There are two main pension allowances that you should be aware of that have tax implications.
You can pay up to £40,000 a year into a pension and earn tax relief on this, which is known as your Annual Allowance. If you pay more than the Annual Allowance into your pension, you’ll have to pay what’s known as an Annual Allowance charge. HMRC has an Annual Allowance calculator to help you work out whether you have to pay tax on your pension savings.
The Annual Allowance charge isn’t a fixed rate – the amount you’ll pay will depend on which income tax bracket you’d fall into if your excess pension savings are added to any other taxable income you get. So, for example, the charge could be 20%, 40% or 45% of any pension savings you made above the Annual Allowance, depending on your circumstances.
In addition, there’s the Lifetime Allowance, which is the total amount that you can save into your pension over your lifetime without facing a tax charge. The Lifetime Allowance is £1,073,100 in the 2021/22 tax year. If the value of your pensions is higher than the Lifetime Allowance, you’ll have to pay a tax charge on anything above it, and you should get a statement from your pension provider which will show how much tax you owe. The amount you’ll be charged depends on how you’ve chosen to take money out of your retirement savings.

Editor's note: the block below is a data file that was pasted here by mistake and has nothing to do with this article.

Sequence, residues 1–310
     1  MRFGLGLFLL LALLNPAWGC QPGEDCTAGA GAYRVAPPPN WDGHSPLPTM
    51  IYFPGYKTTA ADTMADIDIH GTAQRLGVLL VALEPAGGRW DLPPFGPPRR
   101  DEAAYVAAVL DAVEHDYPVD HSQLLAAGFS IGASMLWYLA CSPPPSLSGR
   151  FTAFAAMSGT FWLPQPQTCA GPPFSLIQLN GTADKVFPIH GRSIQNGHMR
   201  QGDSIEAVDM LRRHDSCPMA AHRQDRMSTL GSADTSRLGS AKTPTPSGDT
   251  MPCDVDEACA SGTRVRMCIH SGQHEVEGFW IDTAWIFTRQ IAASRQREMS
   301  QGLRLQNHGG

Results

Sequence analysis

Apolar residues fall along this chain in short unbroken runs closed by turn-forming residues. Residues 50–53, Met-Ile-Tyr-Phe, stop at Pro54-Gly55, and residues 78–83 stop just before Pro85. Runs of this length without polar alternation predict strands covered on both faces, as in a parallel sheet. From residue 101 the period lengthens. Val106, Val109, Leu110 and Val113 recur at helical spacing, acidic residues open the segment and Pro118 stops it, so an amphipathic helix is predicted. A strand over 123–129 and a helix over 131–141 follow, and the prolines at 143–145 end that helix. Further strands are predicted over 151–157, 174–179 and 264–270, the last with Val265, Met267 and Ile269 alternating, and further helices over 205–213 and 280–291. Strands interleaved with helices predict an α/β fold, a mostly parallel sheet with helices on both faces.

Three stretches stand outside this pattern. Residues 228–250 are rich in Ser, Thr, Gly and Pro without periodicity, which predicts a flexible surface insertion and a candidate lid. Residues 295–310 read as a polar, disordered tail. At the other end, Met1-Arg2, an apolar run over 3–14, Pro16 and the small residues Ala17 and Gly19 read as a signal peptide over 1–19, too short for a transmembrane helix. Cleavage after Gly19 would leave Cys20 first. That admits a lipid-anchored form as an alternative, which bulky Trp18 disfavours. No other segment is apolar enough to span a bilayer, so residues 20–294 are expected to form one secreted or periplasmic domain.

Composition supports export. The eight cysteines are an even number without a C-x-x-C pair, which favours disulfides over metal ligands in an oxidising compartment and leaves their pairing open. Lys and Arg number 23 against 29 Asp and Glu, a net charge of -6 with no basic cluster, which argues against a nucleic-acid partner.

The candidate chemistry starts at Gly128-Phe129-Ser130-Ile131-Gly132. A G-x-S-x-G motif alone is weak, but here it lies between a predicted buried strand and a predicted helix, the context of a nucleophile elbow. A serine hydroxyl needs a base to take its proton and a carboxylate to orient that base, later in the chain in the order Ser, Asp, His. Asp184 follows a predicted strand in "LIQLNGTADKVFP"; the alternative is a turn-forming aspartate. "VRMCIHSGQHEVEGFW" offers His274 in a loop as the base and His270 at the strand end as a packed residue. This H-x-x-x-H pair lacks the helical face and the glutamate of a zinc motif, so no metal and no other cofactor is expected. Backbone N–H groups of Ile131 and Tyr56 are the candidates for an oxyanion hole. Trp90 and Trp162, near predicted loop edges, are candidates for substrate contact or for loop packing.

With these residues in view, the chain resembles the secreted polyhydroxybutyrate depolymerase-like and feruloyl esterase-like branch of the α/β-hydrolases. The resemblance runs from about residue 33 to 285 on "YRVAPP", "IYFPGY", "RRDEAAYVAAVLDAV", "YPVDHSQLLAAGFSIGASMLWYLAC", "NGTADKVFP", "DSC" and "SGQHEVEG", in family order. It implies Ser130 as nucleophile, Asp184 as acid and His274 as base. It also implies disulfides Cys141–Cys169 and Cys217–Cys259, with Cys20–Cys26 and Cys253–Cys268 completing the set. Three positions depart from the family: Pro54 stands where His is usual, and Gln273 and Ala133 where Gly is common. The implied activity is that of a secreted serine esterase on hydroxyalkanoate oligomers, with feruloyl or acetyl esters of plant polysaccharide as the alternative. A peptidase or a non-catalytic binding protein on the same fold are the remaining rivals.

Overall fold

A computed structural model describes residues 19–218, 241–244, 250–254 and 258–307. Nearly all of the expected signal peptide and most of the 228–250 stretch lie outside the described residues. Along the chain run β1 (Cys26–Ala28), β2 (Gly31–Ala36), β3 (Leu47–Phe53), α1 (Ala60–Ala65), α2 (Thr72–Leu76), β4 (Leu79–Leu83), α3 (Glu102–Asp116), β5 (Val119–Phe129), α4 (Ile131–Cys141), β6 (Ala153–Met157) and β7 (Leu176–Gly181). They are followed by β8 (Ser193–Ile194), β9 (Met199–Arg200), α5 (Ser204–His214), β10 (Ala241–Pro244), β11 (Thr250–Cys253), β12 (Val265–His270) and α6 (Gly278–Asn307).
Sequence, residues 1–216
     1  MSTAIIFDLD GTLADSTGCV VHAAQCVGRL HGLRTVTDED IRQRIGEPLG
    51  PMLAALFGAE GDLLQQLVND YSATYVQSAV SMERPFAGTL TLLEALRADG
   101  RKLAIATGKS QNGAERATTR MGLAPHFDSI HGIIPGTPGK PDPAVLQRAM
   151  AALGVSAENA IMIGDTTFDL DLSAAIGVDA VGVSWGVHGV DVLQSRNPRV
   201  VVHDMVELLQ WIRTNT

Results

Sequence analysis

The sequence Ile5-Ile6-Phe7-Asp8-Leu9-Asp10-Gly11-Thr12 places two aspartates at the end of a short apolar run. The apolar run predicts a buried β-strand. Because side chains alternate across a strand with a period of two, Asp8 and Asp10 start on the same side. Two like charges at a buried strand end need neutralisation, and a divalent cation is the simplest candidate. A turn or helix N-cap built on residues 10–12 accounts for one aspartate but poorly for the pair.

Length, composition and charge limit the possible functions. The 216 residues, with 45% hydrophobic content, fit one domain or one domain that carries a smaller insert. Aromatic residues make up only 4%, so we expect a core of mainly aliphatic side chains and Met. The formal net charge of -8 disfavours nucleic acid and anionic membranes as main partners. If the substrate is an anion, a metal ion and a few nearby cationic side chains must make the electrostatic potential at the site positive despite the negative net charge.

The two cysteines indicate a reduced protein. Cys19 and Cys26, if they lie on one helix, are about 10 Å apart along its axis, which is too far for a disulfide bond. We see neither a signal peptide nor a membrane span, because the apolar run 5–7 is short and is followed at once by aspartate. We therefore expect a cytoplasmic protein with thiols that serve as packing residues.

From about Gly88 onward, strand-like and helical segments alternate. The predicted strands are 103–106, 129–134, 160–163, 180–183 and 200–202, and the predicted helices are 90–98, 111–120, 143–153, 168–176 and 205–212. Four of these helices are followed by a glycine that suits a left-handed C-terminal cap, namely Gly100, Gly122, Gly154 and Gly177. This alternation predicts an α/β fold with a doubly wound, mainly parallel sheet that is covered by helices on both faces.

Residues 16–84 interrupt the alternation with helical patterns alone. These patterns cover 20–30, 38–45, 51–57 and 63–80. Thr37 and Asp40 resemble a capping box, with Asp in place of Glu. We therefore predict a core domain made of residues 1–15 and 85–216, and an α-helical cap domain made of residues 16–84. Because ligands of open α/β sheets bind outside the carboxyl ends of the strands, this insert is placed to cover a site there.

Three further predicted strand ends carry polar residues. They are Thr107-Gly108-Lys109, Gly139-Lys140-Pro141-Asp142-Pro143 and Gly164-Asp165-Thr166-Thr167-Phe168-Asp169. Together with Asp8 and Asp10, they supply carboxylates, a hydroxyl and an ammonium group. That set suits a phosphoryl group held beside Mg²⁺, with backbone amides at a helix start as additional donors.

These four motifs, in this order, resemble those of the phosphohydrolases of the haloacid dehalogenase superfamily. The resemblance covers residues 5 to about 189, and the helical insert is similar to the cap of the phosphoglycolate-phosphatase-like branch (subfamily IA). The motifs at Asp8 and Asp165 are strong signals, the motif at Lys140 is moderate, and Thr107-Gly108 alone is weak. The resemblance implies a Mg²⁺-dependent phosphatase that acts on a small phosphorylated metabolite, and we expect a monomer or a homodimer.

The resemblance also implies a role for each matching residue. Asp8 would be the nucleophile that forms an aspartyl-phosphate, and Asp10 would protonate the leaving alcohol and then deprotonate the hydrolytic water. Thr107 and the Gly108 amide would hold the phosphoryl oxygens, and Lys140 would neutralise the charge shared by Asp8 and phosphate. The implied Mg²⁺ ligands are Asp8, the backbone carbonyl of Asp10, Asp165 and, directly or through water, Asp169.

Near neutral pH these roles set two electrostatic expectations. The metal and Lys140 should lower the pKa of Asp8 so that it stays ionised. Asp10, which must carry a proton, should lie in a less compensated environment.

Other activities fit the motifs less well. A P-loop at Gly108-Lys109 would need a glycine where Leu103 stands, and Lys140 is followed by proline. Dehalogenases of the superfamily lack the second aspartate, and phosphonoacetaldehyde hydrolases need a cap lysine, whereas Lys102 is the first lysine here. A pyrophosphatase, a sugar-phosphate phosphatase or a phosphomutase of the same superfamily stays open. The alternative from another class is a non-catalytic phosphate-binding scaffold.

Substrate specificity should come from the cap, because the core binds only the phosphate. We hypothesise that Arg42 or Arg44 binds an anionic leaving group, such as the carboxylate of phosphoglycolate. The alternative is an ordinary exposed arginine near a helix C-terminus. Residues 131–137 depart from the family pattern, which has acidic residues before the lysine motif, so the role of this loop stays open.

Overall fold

For example, if you make cash withdrawals or receive the money as pension payments, you’ll be taxed an additional 25% on top of any regular tax payable on your pension income. Any amount over your Lifetime Allowance which you take as a lump sum, however, will be taxed at a rate of 55%.
So, if you pay tax at the higher rate and are expected to get £10,000 a year in income from your pension, the Lifetime Allowance charge would reduce this to £7,500 a year. After income tax at a rate of 40%, you’d be left with an income of £4,500.
You can read more about these allowances in our article How do pension allowances work?